This page has been compiled by Sally Wearing, our H&S Advisor. Please bear in mind that it can take a few days between new guidance emerging and Sally reading it all and writing a summary. If you have further questions that the info below doesn’t answer … please email firstname.lastname@example.org .
See all our Covid-19 pages:
Update on 20th July
This only applies to England. If you would like advice for other parts of the UK, please contact Sally Wearing at email@example.com.
We are now at Step 4 of the government’s Roadmap and most of the restrictions have been lifted. Please do not automatically assume it is safe to drop all the restrictions (such as social distancing) when you are practising simply because the guidance allows you to. You need to decide which restrictions to keep or remove, taking into account how Covid-19 can be transmitted and the basic steps we should take to prevent it spreading.
We strongly recommend that you read the Main Covid-19 page first, including the Government Guidance, before deciding how to practise. You should then consult all the members of your team about what they do or do not want to do.
Close contact: one of the most important controls is to limit the close contact we have with people we do not live with. This means minimising the number of people we come into close contact with, how close we get and how long for. All close contact should be minimised; you should consider what other close contact people in your team have, such as at work or with other teams or doing other activities. The government recommends increasing close contact gradually.
Outdoor practices: this is still the safest way to practise, so if you can practise outdoors, you should do so. If whole practices cannot be held outdoors, consider holding as much as possible outside.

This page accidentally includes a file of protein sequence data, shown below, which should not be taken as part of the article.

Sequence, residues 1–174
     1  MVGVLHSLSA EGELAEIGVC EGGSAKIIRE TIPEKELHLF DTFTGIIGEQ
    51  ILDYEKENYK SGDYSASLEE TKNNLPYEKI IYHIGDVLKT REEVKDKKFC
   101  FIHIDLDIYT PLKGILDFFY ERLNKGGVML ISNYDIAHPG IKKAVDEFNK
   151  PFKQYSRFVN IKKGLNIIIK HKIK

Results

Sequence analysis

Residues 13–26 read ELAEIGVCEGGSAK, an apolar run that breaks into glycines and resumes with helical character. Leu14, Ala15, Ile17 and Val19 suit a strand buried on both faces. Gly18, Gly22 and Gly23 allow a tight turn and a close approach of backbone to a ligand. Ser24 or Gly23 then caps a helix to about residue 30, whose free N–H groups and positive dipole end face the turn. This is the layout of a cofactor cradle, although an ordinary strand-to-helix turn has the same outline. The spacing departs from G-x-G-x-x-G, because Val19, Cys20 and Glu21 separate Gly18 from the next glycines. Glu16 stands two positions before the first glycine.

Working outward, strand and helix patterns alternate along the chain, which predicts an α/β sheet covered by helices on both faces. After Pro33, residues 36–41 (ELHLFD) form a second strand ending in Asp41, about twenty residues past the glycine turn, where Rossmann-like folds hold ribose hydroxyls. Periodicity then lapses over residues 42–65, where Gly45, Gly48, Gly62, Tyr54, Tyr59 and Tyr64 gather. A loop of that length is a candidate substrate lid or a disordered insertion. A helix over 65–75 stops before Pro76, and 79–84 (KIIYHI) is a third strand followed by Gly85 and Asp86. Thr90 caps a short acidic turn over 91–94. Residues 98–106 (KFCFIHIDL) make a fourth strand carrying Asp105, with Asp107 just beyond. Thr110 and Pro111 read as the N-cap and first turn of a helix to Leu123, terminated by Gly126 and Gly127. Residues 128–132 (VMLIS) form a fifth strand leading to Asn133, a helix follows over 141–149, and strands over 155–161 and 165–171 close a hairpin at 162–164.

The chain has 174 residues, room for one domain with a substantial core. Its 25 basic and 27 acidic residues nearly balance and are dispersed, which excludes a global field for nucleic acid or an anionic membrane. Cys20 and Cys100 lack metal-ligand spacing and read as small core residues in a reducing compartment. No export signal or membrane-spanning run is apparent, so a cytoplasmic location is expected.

Indoor practices: the risk of transmission is greater indoors. If you decide to practise indoors, you need to increase the ventilation as much as possible by introducing plenty of fresh air into your practice room.
Venues: any business or organisation hosting a practice should also comply with the applicable government guidance. Whoever manages it should tell you what they have done to minimise the risk of transmission and what you should do while using their venue. They are responsible for minimising the risk from their premises; you are responsible for managing the risks from your activities, e.g. dancing and playing music.
Risk Assessment for Practices
We recommend reviewing your existing risk assessment for practices to help you decide which controls you can remove or reduce and which you should keep in place to protect people:
- consider each control in turn
- keep all that are related to legal requirements (e.g. asking people not to come to practice if they have symptoms, have tested positive or are self-isolating)
- decide which of the other controls you will keep in place, relax or remove
- agree the decisions with all of your team.
We strongly recommend keeping the most important controls in place, including minimising close contact, good ventilation if indoors, good personal hygiene, etc.
If you have not already done a risk assessment for practices, you can use the template risk assessment below, which covers both outdoor and indoor practices. It is based on Step 3 of the Roadmap. As above, we recommend reviewing each of the controls in it and deciding whether your team wants to keep them in place or not.
Template Risk Assessment: This is provided in these formats:
- Template Risk Assessment for Practices (PDF) (opens in new window)
- Template Risk Assessment for Practices (Word Format) (editable version – downloads to your ‘downloads’ folder when clicked)
- Template Risk Assessment for Practices (Rich Text Format) (editable version – downloads to your ‘downloads’ folder when clicked)
You need to customise it to your team and venue; please start by reading these notes on How to use the Template Risk Assessments (PDF). If you use the template, please send any comments, criticisms or suggestions for improvements to Sally at firstname.lastname@example.org. She is always keen to get feedback.
If you still have queries that the above doesn’t answer … please email email@example.com